In all my years of doing audio visual rentals and designing installed systems, Stage Lighting seemed to be one of those requests that were few and far between. Like projection, it is a controlled beam of light, so I used to think this was pretty straight forward. Well, I was wrong; it actually takes a bit more math than I left high school with. When I was in high school, general math was all I needed to graduate. Now, needless to say, calculators are my friend. In this post I will focus my attention on Front of House (FOH) lighting. Now let’s light ’em up!
There are three steps and several tips to consider when designing or setting up a Stage Lighting System.
But first, here is the definition for what you are actually trying to do with Stage Lighting. I like the way Russ Behrens put it.
“It is my opinion that the basic function of stage lighting is to be the final glaze of the visual element of a theatrical production. It should stylistically support the piece as a whole by creating the environment in which the action happens. It must be consistent with the level of reality of the whole production. You must also be able to control what can and cannot be seen. Artistic choices are not set in stone but I find if I keep those three thoughts in mind while I make my choices they tend to work in a very satisfying, cohesive way.”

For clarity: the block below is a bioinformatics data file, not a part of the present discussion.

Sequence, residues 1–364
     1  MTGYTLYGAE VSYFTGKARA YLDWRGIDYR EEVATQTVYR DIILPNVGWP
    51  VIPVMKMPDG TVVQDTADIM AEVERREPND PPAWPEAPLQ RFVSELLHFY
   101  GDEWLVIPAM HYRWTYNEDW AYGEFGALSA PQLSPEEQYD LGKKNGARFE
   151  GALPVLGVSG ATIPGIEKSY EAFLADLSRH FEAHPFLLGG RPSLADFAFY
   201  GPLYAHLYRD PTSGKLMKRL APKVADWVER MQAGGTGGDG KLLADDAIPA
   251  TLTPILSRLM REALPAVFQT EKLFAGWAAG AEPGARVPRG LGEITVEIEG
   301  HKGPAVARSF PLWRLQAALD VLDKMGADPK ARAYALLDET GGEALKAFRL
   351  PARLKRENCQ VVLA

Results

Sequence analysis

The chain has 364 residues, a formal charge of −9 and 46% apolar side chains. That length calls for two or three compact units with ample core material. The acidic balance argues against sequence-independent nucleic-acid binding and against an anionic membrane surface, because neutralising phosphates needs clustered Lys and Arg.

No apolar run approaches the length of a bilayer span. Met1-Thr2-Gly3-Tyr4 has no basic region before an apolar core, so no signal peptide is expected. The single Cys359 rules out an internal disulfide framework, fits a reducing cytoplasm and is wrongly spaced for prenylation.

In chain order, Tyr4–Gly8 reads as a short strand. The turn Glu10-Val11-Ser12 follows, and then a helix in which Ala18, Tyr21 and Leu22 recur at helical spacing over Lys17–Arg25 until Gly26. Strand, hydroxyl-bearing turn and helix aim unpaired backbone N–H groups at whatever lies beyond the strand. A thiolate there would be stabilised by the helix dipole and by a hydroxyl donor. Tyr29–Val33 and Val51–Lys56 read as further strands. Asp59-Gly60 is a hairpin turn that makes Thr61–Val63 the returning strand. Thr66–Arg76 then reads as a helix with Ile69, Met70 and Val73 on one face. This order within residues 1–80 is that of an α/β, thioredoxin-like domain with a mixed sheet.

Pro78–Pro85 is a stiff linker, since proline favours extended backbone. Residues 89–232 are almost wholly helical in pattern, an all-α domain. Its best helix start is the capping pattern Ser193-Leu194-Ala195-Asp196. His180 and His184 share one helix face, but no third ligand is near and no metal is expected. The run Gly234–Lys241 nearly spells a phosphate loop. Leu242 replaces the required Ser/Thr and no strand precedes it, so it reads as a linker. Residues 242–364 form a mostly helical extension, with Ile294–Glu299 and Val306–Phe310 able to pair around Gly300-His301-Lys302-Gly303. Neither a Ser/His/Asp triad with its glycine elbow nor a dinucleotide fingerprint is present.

Step One: Ask all the right questions. It is proven that we can’t read minds so don’t try. The customer or director of the event has a desired outcome so let them talk and you listen while you take notes on the purpose of the lighting. This could be to just add illumination, dramatic effect or just a subtle accent.
Step Two: Remember placement is King. The lighting system will be a fail if it’s not installed in the correct location and the risk can be disastrous! Yes, you can shine light on the stage pretty much from anywhere. But once the performers get on stage, you could blind them, or be blocked by a curtain and or prop, which would be a show stopper. Use “The 45 Degree Rule” (see below) which is optimal to keep the fixture from blinding the performers and get good coverage of the object. Note: this is not intended to be strictly accurate for every situation. See illustrations.
Tony’s tips and tools for onsite use:
- Get Laser Measurer Tool.
- Get Speed Square.
- Take lots of photos or Get 3D Imagery of the space with Photosynth App for your Smart Phone or Tablet.
- Get a Building Plan. If the location has plans on file of the electrical, architectural and elevated ceiling, get those.
- Get a Light Meter.
What steps, tips, and tools do you use to make sure you “light ’em up?”
Tony, the AV guy